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Planting Instructions

Planting Container Grown Perennial Plants

Site Preparation
It is important to prepare the planting site in advance. Perennials prefer soil rich in organic matter with good drainage. If the area has not been planted for some time, it may require ‘loosening up’. Turn, or till the soil with a hoe, rake, or shovel to loosen up the soil and prepare it for planting. If the soil appears too sandy, add some compost, topsoil, or other organic matter. If the soil is heavy clay, add sand, compost, or other organic matter.

Perennials should be planted in an area of the garden that offers good air circulation. This helps to avoid disease problems, which lengthens the life of the perennial. With pre-planning and moderate care, perennials will live 3 years and beyond.

Mark your planting locations
Select and mark the planting locations of your perennials. Be sure to provide enough room for your plants to mature. Don’t be tempted to plant according to their current pot size, but look at the mature spacing requirements suggested for each variety. If in doubt of spacing, check our website for spacing requirements. Perennials follow a general rule of growth that ‘the first year they sleep, the second year they creep, the third year they leap!’

Dig a hole
This allows room for loose soil to be backfilled into the hole. Dig the planting hole with a border fork, trowel, or bulb planter, based on the size hole required. The hole should be dug 1 ½ times the size of the actual root ball.

Remove the plant from the pot
Water the plant thoroughly while in the pot. Let the excess drain away and then gently slide the plant from the pot. Take care not to damage the roots or the growing points.

Tease out roots
If the plant is well rooted at the bottom of the pot, tease out the roots along the bottom with a hand fork or with fingers. If the roots appear hardened off at the bottom, trim ½ to ¾ inch away from the bottom with a knife or gardening scissor. This will speed up root establishment.

Add slow release fertilizer
Add fertilizer to the planting soil as recommended by variety, or per application instructions.

Firm the plant in
Place the plant in the hole at the correct depth and backfill with soil. Do NOT plant deeper than the soil line of the potted plant. Perennials planted too deeply can rot at the base. Loosen the soil surface with a hand fork and water in well.

Planting Container Grown Ornamental Grasses

Site Preparation
It is important to prepare the planting site in advance. If the area has not been planted for some time, it may require ‘loosening up’. Turn, or till the soil with a hoe, rake, or shovel to loosen up the soil and prepare it for planting. If the soil appears too sandy, add some compost, topsoil, or other organic matter. If the soil is a heavy clay, add sand, compost, or other organic matter.

Ornamental grasses prefer well-draining soil. Water should soak easily into the soil, with excess draining away. If the planting area is a low spot in the yard, it may hold too much water. If it is a high area or berm, it may shed water too easily. Be aware of water conditions of the location when selecting grasses for the area.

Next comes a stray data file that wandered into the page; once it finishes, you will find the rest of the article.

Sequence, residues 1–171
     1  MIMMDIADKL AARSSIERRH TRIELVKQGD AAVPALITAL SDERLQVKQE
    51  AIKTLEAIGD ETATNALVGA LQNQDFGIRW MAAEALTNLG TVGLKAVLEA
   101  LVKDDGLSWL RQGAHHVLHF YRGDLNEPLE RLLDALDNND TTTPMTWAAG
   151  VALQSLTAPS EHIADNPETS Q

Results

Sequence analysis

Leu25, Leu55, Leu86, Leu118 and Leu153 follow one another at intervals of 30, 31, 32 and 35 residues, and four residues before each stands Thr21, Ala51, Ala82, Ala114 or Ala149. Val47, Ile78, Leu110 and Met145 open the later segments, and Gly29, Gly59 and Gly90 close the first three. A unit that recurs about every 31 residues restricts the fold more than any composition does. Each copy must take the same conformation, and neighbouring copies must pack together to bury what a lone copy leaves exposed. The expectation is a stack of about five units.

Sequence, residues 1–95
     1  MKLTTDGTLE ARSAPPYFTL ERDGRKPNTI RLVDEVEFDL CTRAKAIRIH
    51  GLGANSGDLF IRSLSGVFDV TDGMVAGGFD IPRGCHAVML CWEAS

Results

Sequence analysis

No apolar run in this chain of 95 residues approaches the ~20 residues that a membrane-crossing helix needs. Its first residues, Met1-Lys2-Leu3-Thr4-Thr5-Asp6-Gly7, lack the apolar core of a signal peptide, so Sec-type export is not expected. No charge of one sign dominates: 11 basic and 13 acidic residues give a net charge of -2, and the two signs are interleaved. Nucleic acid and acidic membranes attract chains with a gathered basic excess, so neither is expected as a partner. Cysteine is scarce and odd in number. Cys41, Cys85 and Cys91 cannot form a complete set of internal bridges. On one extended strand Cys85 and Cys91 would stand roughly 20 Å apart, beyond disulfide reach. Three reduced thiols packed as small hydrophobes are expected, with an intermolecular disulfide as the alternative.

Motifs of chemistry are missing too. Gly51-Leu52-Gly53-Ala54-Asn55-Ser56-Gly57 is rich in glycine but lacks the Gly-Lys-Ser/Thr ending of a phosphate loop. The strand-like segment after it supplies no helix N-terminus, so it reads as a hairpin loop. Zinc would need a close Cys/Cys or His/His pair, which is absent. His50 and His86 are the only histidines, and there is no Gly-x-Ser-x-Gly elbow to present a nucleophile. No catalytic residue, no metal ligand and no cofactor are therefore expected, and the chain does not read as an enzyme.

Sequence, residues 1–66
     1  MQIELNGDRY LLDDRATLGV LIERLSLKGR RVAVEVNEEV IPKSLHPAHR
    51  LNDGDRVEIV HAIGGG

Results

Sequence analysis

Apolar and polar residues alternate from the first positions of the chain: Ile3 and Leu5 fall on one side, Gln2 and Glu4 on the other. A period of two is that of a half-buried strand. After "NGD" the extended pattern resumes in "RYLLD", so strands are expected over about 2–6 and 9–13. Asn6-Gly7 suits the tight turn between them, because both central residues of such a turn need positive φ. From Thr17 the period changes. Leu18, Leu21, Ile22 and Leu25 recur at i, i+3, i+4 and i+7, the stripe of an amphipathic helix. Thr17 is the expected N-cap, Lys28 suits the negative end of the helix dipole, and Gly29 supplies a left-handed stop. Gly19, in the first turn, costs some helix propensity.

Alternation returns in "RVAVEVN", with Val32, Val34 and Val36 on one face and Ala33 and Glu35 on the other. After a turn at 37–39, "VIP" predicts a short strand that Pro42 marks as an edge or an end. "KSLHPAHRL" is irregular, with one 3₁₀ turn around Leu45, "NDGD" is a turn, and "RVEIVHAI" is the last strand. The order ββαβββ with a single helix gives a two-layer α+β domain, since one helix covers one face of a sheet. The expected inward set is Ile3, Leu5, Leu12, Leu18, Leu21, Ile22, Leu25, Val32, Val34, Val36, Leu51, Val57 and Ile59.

Mark your planting locations
Select and mark the planting locations of your grasses. Be sure to provide enough room for grasses to mature. Grasses are quick growers. Don’t be tempted to plant according to their current pot size, but look at the mature spacing requirements suggested for each variety. If in doubt of spacing, check our website for spacing requirements.

Dig a hole
This allows room for loose soil to be backfilled into the hole. Dig the planting hole with a border fork, trowel, or bulb planter, based on the size hole required. The hole should be dug 1 ½ times the size of the actual root ball.

Remove the plant from the pot
Water the plant thoroughly while in the pot. Let the excess drain away and then gently slide the plant from the pot. Take care not to damage the roots or the growing points.

Tease out roots
If the plant is well rooted at the bottom of the pot, tease out the roots along the bottom with a hand fork or with fingers. If the roots appear hardened off at the bottom, trim ½ to ¾ inch away from the bottom with a knife or gardening scissor. This will speed up root establishment.

Add slow release fertilizer
Add fertilizer to the planting soil as recommended by variety, or per instructions.

Firm the plant in
Place the plant in the hole at the correct depth and backfill with soil. Do NOT plant deeper than the soil line of the potted plant. Grasses planted too deeply can rot at the base. Loosen the soil surface with a hand fork and water in well.

Mulch around grasses
Apply a layer of mulch around the base of the grasses. There are many recommended mulch materials available at varying costs from local garden and landscape businesses. Composting yard wastes and brush can also be chipped and used as mulch. Mulching is very important. Tests have shown that mulched soil can be as much as 30 degrees cooler than bare soil. Mulch helps to prevent weed growth, conserves moisture in the soil, reduces heaving of small plants when freezing and thawing of the soil occurs, and reduces soil erosion on slopes.

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